Friday, October 03, 2008

Martin Luther and the Protestant Reformation

Alyssa is required to write one page of something every day for writing. Earlier in the week she asked me for ideas for her writing assignment. Since October is upon us, I suggested that she write a short biography on Martin Luther. To sweeten the deal, I told her I would post it on my blog (bribery will get you everywhere!). You probably know all of this information already, but with Reformation Day coming up on October 31st, I thought it was an appropriate thing to post. So, without further adieu, here is Alyssa's essay on Martin Luther.


Martin Luther and the Start of the Protestant Reformation

Martin Luder was born on November 10, 1483, in Eisleben, Germany to Hans Luder. He later changed his name from Luder to Luther, as did his parents, because Luder as an old German word has a negative meaning. Martin Luther’s father was determined to see him a lawyer, and he went along with it for a while. But when he started law school in the University of Erfurt, he dropped out almost immediately. He decided to become a monk, later attributing this decision to an experience during a thunderstorm on July 17, 1505.

During that thunderstorm, it is said that he was on his way back to the university after a visit with his parents, when a bolt of lightening struck so close to him that he was thrown to the ground. He was so terrified that he cried out to Saint Anne for help and said, “I will become a monk!” Though his father was very unhappy, Luther felt he must honor his promise, and he entered the Black Monastery in Erfurt a couple of days later.

A monk’s duties included fasting, long hours of prayer, pilgrimage, frequent confession, and work (and it all started at 3 am every day!). Martin Luther tried to please God by all these acts of dedication, but all it did was increase his awareness of his sin. Of course, it is good to pray and confess our sins, but our salvation is ‘not by works of righteousness which we have done, but according to His mercy,’ (Titus 3:5a NKJV).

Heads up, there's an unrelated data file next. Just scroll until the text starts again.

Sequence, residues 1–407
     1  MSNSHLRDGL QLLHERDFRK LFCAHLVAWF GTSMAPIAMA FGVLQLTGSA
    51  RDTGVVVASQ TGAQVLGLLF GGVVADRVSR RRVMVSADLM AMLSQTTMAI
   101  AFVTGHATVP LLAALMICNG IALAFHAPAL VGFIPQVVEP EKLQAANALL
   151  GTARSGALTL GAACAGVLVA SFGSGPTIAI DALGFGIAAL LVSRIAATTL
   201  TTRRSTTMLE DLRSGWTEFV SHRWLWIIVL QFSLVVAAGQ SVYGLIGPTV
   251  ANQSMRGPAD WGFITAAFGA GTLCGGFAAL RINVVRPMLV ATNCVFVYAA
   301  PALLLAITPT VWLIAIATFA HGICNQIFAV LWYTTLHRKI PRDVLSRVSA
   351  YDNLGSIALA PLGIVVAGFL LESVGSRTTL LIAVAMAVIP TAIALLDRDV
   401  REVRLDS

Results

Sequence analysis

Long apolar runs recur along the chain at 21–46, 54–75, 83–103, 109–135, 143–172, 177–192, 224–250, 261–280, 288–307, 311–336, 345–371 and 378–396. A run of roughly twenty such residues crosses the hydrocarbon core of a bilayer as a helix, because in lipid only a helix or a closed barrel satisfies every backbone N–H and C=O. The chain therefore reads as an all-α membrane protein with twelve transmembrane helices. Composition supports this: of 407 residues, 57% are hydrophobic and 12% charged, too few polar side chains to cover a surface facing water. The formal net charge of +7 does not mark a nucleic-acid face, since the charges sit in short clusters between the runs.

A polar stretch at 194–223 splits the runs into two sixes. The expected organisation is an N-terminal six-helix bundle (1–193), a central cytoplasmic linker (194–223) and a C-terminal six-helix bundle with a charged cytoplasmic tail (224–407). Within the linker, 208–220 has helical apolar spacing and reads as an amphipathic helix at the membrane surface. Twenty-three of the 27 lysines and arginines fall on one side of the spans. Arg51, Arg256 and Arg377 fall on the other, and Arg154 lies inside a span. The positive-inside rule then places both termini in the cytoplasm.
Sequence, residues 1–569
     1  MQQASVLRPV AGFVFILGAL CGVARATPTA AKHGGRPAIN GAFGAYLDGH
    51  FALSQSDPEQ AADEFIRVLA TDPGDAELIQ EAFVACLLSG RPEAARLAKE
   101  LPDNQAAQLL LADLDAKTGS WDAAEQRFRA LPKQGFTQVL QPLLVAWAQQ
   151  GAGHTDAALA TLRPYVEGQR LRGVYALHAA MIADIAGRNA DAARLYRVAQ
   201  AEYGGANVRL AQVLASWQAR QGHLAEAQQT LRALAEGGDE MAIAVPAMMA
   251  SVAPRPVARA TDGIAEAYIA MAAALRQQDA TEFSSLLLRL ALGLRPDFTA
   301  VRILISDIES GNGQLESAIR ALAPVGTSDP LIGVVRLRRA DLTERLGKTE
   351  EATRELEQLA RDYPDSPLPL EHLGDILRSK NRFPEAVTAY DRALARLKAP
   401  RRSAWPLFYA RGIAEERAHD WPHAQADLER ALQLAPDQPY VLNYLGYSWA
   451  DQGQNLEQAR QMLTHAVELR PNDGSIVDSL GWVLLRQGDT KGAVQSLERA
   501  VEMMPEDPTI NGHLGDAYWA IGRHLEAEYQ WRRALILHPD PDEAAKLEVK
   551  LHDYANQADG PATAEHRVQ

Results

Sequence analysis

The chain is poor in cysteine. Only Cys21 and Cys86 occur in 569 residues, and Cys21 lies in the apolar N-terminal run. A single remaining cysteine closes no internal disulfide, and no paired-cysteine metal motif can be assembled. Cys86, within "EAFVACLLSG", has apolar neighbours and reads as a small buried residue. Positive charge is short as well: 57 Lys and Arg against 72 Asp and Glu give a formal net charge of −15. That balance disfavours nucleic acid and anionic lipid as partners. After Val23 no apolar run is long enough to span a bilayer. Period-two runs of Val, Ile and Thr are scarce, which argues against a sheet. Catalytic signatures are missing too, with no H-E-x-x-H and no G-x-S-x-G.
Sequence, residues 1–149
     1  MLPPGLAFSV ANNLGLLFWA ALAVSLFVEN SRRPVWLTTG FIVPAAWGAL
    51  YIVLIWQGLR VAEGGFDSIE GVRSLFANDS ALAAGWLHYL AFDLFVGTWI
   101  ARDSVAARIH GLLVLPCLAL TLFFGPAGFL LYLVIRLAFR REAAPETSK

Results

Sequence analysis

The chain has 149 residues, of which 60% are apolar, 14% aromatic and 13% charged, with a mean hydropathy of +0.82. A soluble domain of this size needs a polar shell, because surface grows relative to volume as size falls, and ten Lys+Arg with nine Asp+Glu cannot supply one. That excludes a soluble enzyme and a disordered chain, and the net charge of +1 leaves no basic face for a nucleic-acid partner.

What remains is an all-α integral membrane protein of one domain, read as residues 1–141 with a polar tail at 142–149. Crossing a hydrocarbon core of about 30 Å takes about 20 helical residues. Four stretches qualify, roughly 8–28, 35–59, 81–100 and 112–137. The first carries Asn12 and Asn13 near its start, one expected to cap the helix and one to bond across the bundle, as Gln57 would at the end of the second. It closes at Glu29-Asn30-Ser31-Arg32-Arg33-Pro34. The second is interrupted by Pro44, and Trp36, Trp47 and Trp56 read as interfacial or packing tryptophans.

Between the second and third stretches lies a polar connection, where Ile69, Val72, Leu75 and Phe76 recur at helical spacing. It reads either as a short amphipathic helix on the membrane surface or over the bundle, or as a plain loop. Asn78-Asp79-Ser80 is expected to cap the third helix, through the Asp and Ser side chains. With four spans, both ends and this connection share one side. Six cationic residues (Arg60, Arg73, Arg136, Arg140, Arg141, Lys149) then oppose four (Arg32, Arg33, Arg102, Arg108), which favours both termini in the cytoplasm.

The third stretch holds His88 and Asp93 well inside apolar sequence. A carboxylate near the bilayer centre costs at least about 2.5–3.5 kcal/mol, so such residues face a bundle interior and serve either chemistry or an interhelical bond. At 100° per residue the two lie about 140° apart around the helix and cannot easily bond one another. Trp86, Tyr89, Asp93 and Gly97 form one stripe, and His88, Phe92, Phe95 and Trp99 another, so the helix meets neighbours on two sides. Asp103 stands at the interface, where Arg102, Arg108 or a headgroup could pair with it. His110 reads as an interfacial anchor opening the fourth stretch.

In 1516-1517 Johann Tetzel, a Dominican friar and papal commissioner for indulgences, was sent by the Roman Catholic Church to Germany to raise money for the rebuilding of St. Peter’s Basilica in Rome by selling indulgences. Indulgences are pardons granted and sold by the Catholic Church, and the abuse of these indulgences was a major point of disagreement with Luther. On October 31, 1517, Luther wrote to Albrecht, Archbishop of Mainz and Magdeburg against the sale of indulgences and included a copy of his “Disputation of Martin Luther on the Power and Efficacy of Indulgences” which became known as the 95 Theses.

He also decided to nail a copy of his 95 Theses to the door of the Castle Church in Wittenberg for others to see and discuss (church doors acted as bulletin boards at the time). Luther’s simple act of nailing his theses on a church door is now seen as the event that sparked the Protestant Reformation and is celebrated every October 31st.

5 comments:

Kim said...

Good job, Alyssa!

K said...

You should be proud of your, Alyssa...I'm sure you are. She did a good job.

Jennifer said...

Thanks!

Baroness Insomniac said...

Yay!! She's published!! =))

She is one very special young lady and I know you're proud of her. =))

Krista said...

Great job, Alyssa! :

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